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Levanto

Cinque Terre

Seven Days

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Little Mediterranean beach pebbles... Whenever we think about anywhere along the coast of Liguria, there is for us a surprising emotional yearning. The edges of the region touch the Mediterranean from near Pisa to the southeast, and stretch northwest past cliffs and pebble beaches towards the border of France. With smiles inside, we look forward to an entire week here in late April, home based in a very classic Italian apartment, which is located in exactly the village where the waitress photograph

here was taken. Levanto is several towns north of that colorful parade of five interesting villages which form the Cinque Terre national park. Near but out of traffic: accordingly way fewer tourists.

 

You adventurers would like it very much. Adventurers I mean not in the sense of extreme water sports or bungee jumping above knife-edged rocks, but of ordering food whose description your vocabulary is not able to translate. Rather to suggest that if your notion of leisure includes tuxedos and gowns at posh restaurants, then maybe Monaco or Cannes up the coast is more for you. These little assemblages of houses seem designed for people watching next to the seaside. Enjoying the expressive face of a patient server in Levanto, as here, explaining with animated fingers what it is that un bicchiere d'acqua may be. Afterwards perhaps enjoying the sea air while not minding very much that a sticky torrent of gelato is dripping over your fingers faster than you can lick it up.

A ways north of our Levanto rental is the town of Sestri Levante, whose seaside city limit touches two memorable inlets: the Bay of Fable, which Hans Christian Andersen fell in love with in 1833, and the Bay of Silence, shown here. There is a coastal trail to scuff along, here, that we must revisit this Spring. Last time we explored here, on a sweet, sunny Sunday afternoon, said trail was alive and chatty with remarkably fit senior citizens in clusters, hiking to brisk picnics among the boulders and pines and cork-oaks.

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The Gulf of Poets (e.g. Byron and Shelley) at Porto Venere offers an old fortress, shown here, and a quite-old church ruin to explore, along with the town's tony shops — it is a prosperous suburb of La Spezia. One may take the coastal ferry here because I think our visit will coincide with the more busy tourist-months when such gutsy and throaty floating buses ply these waters.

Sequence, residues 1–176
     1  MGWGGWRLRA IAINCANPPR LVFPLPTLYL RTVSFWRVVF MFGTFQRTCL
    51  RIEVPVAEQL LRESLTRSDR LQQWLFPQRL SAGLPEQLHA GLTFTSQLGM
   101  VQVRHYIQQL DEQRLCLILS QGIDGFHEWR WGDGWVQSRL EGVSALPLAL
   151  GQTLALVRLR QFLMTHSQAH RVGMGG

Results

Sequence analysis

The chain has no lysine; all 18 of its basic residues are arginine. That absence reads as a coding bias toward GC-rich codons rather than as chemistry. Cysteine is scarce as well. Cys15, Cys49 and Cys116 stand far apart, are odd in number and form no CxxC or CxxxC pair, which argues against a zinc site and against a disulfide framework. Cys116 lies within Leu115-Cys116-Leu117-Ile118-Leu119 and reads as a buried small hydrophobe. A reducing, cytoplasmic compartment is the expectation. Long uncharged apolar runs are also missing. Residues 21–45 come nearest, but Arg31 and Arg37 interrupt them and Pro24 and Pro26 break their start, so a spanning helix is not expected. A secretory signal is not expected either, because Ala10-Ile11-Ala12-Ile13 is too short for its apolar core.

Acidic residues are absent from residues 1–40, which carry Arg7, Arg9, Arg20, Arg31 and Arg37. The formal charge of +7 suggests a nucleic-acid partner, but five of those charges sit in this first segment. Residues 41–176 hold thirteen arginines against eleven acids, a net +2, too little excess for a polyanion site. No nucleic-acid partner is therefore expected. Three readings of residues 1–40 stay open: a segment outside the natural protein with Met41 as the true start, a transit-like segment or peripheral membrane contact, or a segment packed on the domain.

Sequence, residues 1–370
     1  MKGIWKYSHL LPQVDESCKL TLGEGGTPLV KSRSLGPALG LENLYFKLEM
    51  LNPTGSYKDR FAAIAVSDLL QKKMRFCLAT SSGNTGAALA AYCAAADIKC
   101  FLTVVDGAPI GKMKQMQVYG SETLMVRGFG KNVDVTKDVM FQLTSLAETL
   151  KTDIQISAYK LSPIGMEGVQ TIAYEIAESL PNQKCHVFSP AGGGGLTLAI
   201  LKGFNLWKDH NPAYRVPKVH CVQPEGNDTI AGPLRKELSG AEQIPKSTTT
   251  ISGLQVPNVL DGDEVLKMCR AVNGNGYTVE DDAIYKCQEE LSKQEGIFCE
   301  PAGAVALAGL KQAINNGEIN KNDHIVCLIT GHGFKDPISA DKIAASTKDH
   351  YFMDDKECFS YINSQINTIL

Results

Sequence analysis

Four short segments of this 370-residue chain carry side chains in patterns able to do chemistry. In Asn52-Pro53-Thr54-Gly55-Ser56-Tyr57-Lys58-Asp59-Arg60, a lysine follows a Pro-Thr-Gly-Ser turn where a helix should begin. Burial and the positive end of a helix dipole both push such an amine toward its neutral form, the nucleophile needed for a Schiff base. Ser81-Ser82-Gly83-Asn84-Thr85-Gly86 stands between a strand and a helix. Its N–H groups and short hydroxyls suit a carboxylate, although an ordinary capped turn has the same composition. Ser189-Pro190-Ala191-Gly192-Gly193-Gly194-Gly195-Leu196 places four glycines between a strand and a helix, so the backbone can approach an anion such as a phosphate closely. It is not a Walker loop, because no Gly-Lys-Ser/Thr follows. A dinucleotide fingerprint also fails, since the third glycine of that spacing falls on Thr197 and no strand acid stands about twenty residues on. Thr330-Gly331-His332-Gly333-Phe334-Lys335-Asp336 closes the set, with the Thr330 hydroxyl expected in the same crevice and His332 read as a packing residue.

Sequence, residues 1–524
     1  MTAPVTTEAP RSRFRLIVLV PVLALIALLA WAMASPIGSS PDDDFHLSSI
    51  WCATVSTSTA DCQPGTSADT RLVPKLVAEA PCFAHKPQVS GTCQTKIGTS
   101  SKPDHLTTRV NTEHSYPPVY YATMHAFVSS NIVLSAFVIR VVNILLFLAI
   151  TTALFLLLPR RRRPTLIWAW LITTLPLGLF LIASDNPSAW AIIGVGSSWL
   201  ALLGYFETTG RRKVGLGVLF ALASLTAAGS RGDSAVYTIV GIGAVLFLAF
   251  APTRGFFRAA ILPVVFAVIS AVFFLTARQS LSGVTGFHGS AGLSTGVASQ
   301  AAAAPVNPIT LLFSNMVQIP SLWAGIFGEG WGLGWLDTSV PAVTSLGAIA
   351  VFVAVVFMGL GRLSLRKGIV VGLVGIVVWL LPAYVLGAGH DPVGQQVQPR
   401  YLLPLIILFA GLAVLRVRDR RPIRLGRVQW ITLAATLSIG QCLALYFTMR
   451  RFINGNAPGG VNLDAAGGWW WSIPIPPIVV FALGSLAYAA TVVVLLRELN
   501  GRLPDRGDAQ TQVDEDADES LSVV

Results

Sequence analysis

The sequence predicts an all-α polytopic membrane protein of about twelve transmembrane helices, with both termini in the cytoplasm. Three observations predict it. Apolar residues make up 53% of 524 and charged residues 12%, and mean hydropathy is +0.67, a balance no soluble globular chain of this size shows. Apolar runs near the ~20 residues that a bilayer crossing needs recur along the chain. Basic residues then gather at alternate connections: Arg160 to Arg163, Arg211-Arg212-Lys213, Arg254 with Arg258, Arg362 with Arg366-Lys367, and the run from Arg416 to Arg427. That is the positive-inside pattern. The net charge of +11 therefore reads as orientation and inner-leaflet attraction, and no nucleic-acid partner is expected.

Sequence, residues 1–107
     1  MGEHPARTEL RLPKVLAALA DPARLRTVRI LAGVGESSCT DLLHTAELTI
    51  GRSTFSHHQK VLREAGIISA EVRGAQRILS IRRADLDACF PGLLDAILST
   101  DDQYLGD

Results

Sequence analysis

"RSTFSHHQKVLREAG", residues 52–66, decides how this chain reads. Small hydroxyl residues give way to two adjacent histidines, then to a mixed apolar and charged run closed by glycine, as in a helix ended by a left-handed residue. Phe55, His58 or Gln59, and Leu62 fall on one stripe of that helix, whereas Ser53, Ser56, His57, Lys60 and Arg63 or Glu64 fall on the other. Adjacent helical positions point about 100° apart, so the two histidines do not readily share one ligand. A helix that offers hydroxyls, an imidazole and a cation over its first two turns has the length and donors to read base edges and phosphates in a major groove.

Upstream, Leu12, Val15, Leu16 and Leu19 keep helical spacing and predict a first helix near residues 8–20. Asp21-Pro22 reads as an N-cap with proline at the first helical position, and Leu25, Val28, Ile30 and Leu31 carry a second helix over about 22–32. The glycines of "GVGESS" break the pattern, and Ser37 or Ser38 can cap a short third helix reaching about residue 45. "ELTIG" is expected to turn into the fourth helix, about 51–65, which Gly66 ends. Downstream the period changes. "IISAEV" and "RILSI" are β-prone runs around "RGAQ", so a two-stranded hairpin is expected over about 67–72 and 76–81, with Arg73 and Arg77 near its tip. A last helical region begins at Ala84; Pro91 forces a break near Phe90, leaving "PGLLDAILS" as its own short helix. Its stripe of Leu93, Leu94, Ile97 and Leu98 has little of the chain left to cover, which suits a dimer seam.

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We live here.

But roaming along the coast in Liguria, we will surely want to picnic often, to secure our own wine and goodies as we explore. Too, one realizes how past experiences combine to shape choices we may make in where we go, where we stay. About this region, for example, I have fresh and vivid memories of Michele brushing her morning tresses on the rooftop deck of Signor Vivaldi's apartment in Riomaggiore years ago. So I was attracted by the jetty of big boulders rising in the harbor near us here, that should do as well as yon rooftop — where she may smooth her coiffure.

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The five or so local coast-edge villages resemble one another, yet aren't remotely duplicates. They differ in size and personality, and arrangement along the steep shoreline (from the water those pastel-hued structures appear super-glued to the rocky hillsides). Each is interesting, each a delight to explore. This one, Vernazza, has arguably the most genteel, evening mood of the bunch.

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After a short local run to La Spezia, the Frecciabianca or White Arrow, is a quick means of getting to Stazione Roma Termini. It's a short walk from there to our B&B for the next few days. There are somewhat faster trains in Italy, of course; but we expect to be looking at everything along more standard tracks. And we don't do blurry.

Afterwards by (fast) train to four days in

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They're Going Again!